Invisible Borders: The Trans-African Project
Founded in Lagos, Nigeria, in 2009.
Based in Lagos.
Invisible Borders: The Trans-African Project was initiated in 2009 by peripatetic Nigerian artist Emeka Okereke. It is a collaborative platform that brings together photographers, writers, and filmmakers from different African countries and elsewhere to address the meaning of borders and to consider the complex material reality of Africa through an annual road trip. Beginning with the first trip in 2009, which was staged to coincide with Rencontres Africaines de la Photographie in Bamako, the collaborative has organized trips to Dakar, Senegal (2010), Addis Ababa, Ethiopia (2011), and Libreville, Gabon (2013). In these trips, participants drawn from across Africa and elsewhere would assemble in Lagos, Nigeria, where the project is formally registered as an artists’ organization, and then proceed to the various destinations after traversing several borders along the way. Through this process, it builds upon and expands similar initiatives such as Overcoming Maps (2001, 2004, 2005, and 2007) by the Pan-African Circle of Artists based in Enugu, Nigeria, and Exit Tour, organized by the late Cameroonian artist Goddy Leye in 2006. These projects were inspired by several goals: to critically examine continental mobility in relation to the legacy of European colonialism that is reflected in national borders, to engender cultural exchange and networking among artists and cultural producers on the continent, and to reinvent the badly maligned image of Africa as a space perpetually haunted by pathologies.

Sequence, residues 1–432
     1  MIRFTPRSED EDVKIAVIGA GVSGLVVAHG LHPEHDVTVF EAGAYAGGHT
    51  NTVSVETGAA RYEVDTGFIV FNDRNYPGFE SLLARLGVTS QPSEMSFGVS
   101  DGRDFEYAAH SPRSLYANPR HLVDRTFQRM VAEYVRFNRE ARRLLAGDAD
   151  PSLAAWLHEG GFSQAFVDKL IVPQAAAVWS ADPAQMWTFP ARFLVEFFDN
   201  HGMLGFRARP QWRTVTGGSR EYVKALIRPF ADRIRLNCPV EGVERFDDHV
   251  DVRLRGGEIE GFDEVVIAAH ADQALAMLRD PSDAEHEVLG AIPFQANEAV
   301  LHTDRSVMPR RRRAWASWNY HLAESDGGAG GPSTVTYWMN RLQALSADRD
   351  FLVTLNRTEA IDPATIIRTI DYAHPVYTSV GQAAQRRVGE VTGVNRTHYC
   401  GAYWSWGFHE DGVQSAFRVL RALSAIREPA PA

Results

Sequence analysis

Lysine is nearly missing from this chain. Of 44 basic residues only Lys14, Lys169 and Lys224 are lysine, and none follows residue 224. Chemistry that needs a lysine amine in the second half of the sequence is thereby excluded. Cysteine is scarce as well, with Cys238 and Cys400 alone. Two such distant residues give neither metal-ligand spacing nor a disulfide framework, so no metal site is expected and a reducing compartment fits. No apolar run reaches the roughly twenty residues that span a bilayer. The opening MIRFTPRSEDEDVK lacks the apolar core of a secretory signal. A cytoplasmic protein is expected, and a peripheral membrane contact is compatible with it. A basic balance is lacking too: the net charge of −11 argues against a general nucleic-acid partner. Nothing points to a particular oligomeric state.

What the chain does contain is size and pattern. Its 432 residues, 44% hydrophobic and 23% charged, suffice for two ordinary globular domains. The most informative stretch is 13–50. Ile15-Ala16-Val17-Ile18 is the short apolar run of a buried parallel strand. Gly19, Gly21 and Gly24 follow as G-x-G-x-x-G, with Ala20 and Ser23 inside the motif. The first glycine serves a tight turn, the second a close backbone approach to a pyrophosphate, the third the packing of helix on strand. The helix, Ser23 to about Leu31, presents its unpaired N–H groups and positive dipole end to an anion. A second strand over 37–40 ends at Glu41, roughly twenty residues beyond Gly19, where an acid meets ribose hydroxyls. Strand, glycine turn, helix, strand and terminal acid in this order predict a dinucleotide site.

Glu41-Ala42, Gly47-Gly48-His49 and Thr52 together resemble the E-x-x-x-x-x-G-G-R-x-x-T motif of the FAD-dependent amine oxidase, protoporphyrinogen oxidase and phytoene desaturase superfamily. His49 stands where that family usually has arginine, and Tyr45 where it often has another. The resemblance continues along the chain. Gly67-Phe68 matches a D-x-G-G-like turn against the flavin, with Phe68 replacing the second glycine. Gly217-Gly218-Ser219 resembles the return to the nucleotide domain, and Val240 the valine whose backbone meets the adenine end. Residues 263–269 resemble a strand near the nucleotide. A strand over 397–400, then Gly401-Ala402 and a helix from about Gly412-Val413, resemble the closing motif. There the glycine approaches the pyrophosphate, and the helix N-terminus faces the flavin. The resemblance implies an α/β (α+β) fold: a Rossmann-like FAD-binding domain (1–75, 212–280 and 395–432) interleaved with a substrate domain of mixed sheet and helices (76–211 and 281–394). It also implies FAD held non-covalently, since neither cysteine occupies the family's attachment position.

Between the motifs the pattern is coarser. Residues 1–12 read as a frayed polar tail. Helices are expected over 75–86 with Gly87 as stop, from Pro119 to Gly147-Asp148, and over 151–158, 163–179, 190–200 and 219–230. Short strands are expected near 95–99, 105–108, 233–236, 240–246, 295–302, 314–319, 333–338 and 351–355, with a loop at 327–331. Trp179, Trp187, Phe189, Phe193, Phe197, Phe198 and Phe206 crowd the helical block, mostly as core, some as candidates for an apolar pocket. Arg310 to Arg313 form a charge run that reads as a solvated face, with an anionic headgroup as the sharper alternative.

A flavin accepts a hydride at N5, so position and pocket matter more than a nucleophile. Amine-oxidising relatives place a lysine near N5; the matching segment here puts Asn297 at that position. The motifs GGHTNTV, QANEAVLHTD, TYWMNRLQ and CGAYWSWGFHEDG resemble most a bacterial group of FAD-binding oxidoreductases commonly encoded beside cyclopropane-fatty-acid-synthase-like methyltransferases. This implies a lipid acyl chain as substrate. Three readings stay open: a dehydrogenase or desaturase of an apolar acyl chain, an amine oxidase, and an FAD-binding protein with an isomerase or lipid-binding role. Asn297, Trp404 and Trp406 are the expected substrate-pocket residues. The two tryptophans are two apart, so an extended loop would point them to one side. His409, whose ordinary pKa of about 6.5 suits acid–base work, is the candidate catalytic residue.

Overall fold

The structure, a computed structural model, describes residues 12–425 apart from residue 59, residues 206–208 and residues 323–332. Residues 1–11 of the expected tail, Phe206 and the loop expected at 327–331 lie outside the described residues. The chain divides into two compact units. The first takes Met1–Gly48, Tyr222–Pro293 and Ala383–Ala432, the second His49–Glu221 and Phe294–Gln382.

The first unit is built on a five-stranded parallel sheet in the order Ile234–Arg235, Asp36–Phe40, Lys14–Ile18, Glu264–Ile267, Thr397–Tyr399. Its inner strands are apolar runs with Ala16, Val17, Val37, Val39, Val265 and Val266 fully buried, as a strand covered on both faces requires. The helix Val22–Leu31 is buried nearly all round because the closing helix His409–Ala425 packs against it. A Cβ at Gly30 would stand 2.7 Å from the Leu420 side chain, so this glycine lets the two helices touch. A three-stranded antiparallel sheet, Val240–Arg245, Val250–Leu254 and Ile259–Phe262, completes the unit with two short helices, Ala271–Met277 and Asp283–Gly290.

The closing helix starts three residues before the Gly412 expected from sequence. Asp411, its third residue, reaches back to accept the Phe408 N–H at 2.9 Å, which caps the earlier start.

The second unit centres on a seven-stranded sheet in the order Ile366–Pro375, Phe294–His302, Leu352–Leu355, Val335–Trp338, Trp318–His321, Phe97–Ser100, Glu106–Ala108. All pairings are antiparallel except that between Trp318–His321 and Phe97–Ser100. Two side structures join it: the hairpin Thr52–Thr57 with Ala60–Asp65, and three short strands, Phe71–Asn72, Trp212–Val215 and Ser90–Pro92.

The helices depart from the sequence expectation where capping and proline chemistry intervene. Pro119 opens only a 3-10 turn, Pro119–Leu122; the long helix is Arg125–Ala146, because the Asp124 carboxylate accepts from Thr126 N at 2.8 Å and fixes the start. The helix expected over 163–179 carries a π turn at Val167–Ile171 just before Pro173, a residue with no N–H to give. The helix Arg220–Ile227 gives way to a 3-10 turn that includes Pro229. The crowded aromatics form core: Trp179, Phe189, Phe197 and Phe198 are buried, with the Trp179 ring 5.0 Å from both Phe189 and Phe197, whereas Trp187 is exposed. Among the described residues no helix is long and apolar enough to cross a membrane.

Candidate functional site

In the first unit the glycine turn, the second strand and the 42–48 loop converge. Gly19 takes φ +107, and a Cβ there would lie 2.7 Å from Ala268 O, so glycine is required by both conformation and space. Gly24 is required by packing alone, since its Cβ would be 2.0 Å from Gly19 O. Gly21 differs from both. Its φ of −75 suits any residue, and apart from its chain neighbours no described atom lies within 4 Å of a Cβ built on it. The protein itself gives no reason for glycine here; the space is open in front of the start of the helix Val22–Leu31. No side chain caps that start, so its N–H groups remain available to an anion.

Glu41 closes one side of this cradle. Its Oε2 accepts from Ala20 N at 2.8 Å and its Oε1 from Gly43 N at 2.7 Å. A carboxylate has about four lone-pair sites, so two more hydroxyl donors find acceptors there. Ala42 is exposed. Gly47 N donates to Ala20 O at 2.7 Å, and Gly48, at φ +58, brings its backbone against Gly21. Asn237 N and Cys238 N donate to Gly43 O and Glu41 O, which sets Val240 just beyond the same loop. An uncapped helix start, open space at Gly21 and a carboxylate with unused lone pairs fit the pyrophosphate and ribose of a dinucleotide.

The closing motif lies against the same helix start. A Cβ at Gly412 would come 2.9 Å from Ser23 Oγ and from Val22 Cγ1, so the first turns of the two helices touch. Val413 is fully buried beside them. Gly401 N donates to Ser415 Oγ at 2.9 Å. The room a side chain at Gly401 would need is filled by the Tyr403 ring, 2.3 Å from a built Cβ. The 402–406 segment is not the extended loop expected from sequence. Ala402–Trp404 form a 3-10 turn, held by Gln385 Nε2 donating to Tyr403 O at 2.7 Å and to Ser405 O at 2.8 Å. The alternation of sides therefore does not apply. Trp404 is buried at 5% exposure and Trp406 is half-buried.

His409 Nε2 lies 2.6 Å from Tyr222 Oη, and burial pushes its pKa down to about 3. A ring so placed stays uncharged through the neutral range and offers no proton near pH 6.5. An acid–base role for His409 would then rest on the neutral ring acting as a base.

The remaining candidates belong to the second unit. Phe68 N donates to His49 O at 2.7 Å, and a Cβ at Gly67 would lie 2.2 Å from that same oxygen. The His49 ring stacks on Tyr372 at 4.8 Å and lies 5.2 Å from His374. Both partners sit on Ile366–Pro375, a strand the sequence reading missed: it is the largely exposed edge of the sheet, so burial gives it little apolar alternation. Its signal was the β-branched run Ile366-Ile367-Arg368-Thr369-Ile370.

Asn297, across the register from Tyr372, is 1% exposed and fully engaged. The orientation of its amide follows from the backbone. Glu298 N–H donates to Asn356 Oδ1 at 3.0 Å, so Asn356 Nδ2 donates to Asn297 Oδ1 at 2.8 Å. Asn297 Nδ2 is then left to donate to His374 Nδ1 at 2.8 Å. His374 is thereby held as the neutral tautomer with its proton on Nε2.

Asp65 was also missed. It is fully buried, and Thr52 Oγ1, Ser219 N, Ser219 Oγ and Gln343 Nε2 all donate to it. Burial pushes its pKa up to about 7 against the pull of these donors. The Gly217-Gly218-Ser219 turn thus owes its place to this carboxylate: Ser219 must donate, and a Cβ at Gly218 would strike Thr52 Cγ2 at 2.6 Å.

A total of eighty-five artists have participated in Invisible Borders’ successive trips and their outcomes have been presented in the context of exhibitions, workshops, and conferences at venues across the globe, including Kunstmuseum Bern, Switzerland (2010); the New Museum, New York (2012); Biennale Bénin (2012); and the African Union Center, Addis Ababa (2012).
In 2014, Invisible Borders embarked on its most ambitious road trip to date, from Lagos to Sarajevo. This trip was an attempt to deepen its conceptual framework of trans-Africanism by considering Africa’s history and temporality beyond bounded place and time; but more importantly, to engage with the continent’s fraught relationship with Europe. This new premise which will drive future trips as presented at the Biennale di Venezia under the rubric of A Trans-African Worldspace, as an interconnected platform of ideas and interventions that include the visual archive (film, text, photographs) of past trips, an object installation, and a documentary film.